administrative law judge who hears your case may infer from your efforts
that the reason you are not working is because of your injuries and award
Q3. If I need to perform a good faith job
search to establish I am disabled, can I limit my search to jobs within my
Generally speaking, you should look for jobs
within your restrictions that you feel qualified to perform, whether those
jobs are within your existing profession or not. For instance, if you
worked as a construction laborer when you were injured, you are unlikely
to find light work in the construction industry. In such a case, you would
need to look for jobs outside the construction industry that are light
enough for you to perform.
Q4. I was working within my restrictions when
my employer terminated my employment because I could not perform my
regular job. Do I have to look for a job before I receive disability
It is always a good idea to try to find other
work if you are terminated or laid off. But if your job injury or
restrictions played any part in your termination, you will be entitled to
workers’ compensation benefits without having to make a good faith search
for other employment.
Q5. Is my employer permitted to fire me
because I filed a workers’ comp claim?
Yes. Under Georgia law you are an “at-will”
employee unless your employer has a collective bargaining agreement with a
union or you have a written employment contract. An employer may fire you
for any reason or no reason, but your employer may not terminate your
employment for a reason that violates federal laws such as discrimination
because of your race, sex, age, disability or religion. There is no
Georgia law that prevents an employer from terminating your employment
because you filed a workers’ comp claim. If you are subject to work
restrictions when you are fired, you may be entitled to disability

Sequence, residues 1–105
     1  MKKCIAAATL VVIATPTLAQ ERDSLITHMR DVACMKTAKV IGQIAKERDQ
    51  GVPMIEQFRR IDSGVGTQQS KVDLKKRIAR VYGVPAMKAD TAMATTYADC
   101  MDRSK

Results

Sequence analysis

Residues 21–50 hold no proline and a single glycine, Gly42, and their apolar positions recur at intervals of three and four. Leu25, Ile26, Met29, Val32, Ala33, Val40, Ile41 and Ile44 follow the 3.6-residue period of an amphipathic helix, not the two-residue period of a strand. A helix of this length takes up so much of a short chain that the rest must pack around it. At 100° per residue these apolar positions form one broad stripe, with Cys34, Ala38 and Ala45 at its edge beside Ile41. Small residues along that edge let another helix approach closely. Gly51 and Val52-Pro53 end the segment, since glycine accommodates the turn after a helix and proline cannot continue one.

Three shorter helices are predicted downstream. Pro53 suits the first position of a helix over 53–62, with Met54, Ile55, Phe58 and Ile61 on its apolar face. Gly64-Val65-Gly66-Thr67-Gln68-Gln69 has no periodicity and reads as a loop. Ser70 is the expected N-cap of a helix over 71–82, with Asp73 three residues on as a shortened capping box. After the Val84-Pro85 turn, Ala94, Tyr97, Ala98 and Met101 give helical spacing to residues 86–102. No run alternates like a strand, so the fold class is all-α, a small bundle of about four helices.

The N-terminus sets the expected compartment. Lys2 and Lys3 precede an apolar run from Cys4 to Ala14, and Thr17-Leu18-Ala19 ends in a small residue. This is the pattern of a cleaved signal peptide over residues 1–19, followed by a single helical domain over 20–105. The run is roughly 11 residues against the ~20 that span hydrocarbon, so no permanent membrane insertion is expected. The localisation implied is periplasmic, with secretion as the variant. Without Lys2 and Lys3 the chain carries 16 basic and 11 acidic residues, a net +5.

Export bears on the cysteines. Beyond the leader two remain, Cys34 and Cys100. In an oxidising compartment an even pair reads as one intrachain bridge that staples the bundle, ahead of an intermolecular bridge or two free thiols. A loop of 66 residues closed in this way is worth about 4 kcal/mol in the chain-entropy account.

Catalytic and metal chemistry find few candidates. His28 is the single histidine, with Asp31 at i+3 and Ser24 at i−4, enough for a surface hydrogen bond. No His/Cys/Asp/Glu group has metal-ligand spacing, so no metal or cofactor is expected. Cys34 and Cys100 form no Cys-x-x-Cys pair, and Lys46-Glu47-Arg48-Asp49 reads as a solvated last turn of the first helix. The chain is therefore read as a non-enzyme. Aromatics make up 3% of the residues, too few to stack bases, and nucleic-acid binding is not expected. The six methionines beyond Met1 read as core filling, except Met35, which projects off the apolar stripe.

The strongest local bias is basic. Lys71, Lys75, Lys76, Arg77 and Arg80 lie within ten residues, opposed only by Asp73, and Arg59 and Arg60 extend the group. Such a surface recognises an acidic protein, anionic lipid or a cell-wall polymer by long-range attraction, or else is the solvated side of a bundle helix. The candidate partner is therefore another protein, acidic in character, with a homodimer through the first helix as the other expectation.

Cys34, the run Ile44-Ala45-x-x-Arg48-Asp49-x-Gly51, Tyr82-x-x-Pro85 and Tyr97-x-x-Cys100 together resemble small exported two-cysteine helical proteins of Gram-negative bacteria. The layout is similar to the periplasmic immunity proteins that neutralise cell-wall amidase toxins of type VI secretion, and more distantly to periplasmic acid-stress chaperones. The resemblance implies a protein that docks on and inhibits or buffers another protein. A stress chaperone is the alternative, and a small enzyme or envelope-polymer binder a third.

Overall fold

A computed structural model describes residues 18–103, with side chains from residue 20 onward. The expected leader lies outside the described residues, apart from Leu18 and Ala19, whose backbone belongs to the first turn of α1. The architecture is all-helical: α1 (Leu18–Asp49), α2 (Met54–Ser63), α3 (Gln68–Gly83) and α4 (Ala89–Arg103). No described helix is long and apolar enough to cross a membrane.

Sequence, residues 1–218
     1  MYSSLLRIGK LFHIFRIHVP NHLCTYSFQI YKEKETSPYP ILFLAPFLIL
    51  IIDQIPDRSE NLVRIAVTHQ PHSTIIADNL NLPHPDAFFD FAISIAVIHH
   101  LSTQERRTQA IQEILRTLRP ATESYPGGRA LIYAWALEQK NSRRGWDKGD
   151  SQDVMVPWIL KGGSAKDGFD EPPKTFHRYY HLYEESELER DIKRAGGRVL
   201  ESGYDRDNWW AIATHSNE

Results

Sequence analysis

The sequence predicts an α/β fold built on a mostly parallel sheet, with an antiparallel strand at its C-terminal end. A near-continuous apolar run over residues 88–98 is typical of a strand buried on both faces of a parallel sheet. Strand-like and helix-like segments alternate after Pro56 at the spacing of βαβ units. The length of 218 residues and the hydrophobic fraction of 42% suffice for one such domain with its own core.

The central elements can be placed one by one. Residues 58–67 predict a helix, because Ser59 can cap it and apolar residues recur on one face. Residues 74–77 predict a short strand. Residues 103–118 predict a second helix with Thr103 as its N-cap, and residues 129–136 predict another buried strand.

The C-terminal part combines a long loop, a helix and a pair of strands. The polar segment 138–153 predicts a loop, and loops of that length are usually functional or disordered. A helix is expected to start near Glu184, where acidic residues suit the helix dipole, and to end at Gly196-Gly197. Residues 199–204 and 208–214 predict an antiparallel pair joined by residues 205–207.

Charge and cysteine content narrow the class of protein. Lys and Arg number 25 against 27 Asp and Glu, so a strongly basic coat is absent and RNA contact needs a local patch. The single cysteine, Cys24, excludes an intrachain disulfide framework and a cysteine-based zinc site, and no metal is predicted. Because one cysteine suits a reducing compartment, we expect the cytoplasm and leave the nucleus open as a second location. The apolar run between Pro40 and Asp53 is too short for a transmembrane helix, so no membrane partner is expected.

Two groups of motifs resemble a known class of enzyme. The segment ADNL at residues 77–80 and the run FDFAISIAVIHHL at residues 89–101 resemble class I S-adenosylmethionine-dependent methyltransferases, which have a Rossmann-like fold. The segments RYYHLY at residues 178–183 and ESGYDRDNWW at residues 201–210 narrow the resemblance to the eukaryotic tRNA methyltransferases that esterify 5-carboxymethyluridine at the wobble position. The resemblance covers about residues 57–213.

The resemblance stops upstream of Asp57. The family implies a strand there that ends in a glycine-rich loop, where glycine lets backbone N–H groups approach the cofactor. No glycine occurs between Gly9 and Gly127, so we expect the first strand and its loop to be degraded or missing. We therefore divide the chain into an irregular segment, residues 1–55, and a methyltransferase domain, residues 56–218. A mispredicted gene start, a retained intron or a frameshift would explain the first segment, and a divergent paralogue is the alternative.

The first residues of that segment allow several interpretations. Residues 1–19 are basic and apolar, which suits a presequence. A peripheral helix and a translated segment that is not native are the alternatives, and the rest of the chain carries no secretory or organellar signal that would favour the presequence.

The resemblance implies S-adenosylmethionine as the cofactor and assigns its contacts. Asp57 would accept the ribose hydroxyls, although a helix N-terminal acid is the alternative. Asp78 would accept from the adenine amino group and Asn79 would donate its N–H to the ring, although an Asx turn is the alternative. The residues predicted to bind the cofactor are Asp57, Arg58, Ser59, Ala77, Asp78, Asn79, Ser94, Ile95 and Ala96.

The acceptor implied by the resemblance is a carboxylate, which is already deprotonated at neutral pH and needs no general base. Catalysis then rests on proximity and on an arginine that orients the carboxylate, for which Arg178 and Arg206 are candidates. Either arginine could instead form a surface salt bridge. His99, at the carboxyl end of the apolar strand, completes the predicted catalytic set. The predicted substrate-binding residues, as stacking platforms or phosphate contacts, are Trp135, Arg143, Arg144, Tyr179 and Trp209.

benefits under workers’ comp. If your job is covered by a collective
bargaining agreement, you may be able to file a grievance. Contact your
union steward or officer for more information.
Q6. If I am receiving workers’ compensation
benefits when my employer fires me, will my benefits be affected?
No. If your employer terminates your job while
you are receiving either weekly benefits or medical care for your work
injury, this should not affect your entitlement to benefits.
Q7. What if I am out of work receiving
workers’ compensation benefits and I choose to retire so that I can
receive my retirement pension? Will my right to continued benefits under
workers’ compensation be affected by retirement benefits?
If you are totally disabled, or if your
employer is not offering you light duty within your restrictions, your
decision to retire should not affect your workers’ compensation benefits.
Q8. I was injured on my job just before being
fired for reasons unrelated to the injury. I did not think the injury was
that serious, but now it is getting worse. Am I permitted to pursue a
claim for benefits?
If you were injured on your job and the injury
was reported either before or after you were fired, but within the
required time period, you can still pursue your claim for medical care and
benefits. However, claims asserted for the first time after losing one’s
usually looked upon as suspect by employer/insurers.
Q9. If the Social Security Administration
determines I am disabled, will I be able to qualify for disability
benefits under workers’ compensation?
A finding of disability by the Social Security
Administration is a strong indication you are disabled. However, Social
Security is a separate federal system. Each system has its own rules and
regulations. Therefore, the Social Security Administration’s (or the
Veterans Administration’s) finding of disability will not automatically
qualify you for disability benefits under workers’ compensation. If you
are disabled under workers’ compensation, however, qualifying for Social
Security Disability is relevant to whether your work injury is